Over the summer, EDN Aspencore published a series of articles on how the electronics industry has responded to the COVID pandemic. In term, I’m doing a series of blog posts summarizing these articles. In my first post, I discussed Majeed Ahmad brief, which offered a “sneak peek into the brand-new design ecosystem built around the fight against the coronavirus pandemic.” My next post covered the articles on the use of Bluetooth technology, especially as used in bracelets. In this piece, I’ll focus on the articles that addressed technologies – ultrasonic sensors and SDK’s – used for social distancing and contact tracing.
In Ultrasonic for Social Distancing Tags, Junko Yoshida argues that this technology “might just be the wireless technology best suited to enabling contact tracing and social distancing.” The need to get employees back to work is heightening demand for “for apps and wearable devices that can alert workers when they violate social distancing precautions and come too close to one another…[and that can] keep track of which workers have come into close contact with whom, when and for how long.”
There are a number of different embedded devices under consideration: bracelets, clips on lanyards, badges, the ubiquitous smartphone – and there are a number of wireless approaches in contention. One of these is ultrasonic sensors used in tag solutions.
For measuring social distance, accuracy is the prime attribute. Ultrasound can provide accuracy at less than 1 cm, which is vastly superior to the other wireless technologies out there, including Bluetooth Low Energy (BLE). Privacy (or lack thereof) is another perceived weakness when it comes to BLE.
Proponents of ultrasound also argue that it’s preferable to ultra-wideband (UWB) when it comes to footprint – UWB requires an antenna – and power consumption. They also claim that, when it comes to false positives, ultrasound is a better choice.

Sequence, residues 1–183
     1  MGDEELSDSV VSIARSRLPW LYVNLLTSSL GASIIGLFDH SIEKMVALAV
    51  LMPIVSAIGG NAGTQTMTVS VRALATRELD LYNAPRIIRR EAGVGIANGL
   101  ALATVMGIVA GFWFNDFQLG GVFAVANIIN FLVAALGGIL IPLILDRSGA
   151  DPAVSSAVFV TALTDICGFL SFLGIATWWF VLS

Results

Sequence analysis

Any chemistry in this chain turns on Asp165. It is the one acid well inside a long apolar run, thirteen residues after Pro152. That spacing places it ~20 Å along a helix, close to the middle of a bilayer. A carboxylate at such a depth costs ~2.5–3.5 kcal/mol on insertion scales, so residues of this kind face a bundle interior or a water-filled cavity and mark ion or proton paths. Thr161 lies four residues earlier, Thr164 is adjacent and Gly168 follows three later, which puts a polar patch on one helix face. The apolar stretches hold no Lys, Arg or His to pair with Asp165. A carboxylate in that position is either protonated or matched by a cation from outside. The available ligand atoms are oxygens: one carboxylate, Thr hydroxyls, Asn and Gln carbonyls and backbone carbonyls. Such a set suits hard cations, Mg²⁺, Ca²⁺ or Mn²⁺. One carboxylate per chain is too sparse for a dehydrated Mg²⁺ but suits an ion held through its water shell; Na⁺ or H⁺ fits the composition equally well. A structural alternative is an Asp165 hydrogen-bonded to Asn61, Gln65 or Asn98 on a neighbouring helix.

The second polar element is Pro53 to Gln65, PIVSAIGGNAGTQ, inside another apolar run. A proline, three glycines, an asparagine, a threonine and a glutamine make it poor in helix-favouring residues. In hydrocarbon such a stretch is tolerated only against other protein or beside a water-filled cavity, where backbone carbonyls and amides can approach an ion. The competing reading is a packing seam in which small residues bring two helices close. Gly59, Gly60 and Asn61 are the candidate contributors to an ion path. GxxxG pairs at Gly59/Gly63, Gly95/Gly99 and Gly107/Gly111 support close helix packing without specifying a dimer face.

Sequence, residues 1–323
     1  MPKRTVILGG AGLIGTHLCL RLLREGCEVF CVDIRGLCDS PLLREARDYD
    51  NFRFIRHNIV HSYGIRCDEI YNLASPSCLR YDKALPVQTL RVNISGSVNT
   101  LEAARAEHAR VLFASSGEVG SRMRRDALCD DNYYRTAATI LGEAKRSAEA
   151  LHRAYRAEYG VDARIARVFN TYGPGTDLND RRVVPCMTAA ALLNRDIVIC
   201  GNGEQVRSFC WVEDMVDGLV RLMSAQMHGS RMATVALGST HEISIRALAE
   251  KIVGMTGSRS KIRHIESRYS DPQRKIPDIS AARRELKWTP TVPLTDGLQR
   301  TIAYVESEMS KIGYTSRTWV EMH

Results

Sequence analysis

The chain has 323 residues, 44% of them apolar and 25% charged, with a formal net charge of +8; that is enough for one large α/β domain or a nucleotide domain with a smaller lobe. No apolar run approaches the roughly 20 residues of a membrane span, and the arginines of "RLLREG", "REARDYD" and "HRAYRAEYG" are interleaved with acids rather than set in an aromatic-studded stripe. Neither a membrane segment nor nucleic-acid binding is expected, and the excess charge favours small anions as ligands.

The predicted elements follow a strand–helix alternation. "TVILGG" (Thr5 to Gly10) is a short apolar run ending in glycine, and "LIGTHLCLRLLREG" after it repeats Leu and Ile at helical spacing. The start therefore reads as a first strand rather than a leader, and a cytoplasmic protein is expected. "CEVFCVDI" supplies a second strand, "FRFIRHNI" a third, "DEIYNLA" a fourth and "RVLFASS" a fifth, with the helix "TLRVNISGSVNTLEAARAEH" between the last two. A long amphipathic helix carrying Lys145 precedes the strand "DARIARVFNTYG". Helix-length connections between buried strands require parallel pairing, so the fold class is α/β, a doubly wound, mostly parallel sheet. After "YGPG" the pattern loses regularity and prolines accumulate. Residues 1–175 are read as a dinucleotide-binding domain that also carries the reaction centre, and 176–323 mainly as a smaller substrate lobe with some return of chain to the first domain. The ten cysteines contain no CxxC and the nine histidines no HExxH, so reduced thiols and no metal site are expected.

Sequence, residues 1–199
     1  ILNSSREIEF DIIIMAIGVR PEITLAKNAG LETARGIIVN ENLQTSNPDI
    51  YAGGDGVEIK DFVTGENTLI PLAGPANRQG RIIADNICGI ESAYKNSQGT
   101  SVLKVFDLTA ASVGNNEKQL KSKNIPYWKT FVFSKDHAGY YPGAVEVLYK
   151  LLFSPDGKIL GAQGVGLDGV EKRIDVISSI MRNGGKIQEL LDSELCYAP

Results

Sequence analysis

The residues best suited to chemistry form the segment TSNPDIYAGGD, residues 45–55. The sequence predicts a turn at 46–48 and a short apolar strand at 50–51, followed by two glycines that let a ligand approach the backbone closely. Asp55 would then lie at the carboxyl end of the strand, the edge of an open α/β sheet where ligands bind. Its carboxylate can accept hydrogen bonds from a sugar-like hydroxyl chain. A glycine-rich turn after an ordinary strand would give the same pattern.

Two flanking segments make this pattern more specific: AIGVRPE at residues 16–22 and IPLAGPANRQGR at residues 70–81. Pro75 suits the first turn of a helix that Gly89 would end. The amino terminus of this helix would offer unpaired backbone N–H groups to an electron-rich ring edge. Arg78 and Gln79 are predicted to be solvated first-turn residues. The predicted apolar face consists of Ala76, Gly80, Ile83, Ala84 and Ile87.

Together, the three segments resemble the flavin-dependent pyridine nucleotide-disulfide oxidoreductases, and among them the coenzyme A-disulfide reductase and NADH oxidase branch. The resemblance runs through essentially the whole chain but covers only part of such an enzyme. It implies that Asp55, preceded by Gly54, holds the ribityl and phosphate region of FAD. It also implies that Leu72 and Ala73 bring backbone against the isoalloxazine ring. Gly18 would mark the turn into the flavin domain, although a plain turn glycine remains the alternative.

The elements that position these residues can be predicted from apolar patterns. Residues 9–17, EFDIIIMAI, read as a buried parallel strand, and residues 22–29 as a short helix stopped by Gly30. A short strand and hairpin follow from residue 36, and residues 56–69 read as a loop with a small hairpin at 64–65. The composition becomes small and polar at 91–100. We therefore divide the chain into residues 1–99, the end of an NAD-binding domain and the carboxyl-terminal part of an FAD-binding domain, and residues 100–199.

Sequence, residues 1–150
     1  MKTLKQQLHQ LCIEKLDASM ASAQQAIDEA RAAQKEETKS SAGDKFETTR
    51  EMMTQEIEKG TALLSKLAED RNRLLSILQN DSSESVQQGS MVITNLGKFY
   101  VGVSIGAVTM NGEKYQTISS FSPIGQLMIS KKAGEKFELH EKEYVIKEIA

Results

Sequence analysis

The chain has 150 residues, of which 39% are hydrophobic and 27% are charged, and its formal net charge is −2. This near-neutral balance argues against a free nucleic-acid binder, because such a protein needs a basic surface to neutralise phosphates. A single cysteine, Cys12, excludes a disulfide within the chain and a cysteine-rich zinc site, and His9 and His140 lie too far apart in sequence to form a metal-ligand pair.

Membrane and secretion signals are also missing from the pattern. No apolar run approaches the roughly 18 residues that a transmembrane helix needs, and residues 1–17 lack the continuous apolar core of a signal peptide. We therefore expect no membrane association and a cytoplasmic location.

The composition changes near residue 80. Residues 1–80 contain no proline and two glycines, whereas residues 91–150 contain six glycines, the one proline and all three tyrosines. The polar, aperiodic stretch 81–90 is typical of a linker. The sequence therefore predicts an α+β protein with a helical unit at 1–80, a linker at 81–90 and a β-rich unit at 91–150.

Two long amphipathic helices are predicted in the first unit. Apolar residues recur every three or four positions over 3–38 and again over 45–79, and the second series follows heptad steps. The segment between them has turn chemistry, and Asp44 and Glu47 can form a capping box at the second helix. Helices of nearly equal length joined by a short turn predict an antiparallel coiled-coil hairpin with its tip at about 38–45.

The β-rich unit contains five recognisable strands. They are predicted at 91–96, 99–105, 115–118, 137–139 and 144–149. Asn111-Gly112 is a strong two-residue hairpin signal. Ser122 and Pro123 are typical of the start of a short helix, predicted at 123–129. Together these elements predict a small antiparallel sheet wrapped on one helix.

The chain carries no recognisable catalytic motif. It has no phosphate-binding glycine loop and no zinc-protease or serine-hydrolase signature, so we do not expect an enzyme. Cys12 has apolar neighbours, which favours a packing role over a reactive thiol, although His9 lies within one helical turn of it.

Overall, this article is an interesting look at the different devices and wireless technologies that will help the workforce safely back to work. (It’s worth noting that the strong arguments made for ultrasound came from an ultrasound company.)
SDKs finetune BLE SoCs for contact-tracing, social-distancing designs by Majeed Ahmad, writes that:
While Bluetooth Low Energy (BLE) solutions are finding a way into a variety of products to help slow the spread of COVID-19, the current technology for distance measurement and positioning—received signal strength indicator (RSSI) technology—is based on measuring the strength or power of the received radio signal. However, that is inherently flawed due to the sensitivity of objects in the radio path blocking or reflecting the radio signals.
Software can find a way around this, with SDKs that can take care of the distance measurement issues. A couple of different companies offer SDKs for their BLE SoCs. Dialog Semiconductor’s SDK enables their chips to “chips to interleave BLE data packets with constant tone frequency exchanges, which in turn, allows the on-chip 2.4 GHz radio to generate the signals needed for phase-based ranging.” This improves their BLE chip’s accuracy for distance measurement and makes them contact-tracing ready.
STMicroelectronics offers a reference design built around their Bluetooth SOC. The reference design “enables engineers to implement private and anonymous tag provisioning and notifications in devices such as bands and bracelets in outdoor or closed professional environments like factories, offices, and medical facilities.”
Good to know that there’s so much work going on to make it possible for companies to ensure the safety of their workers.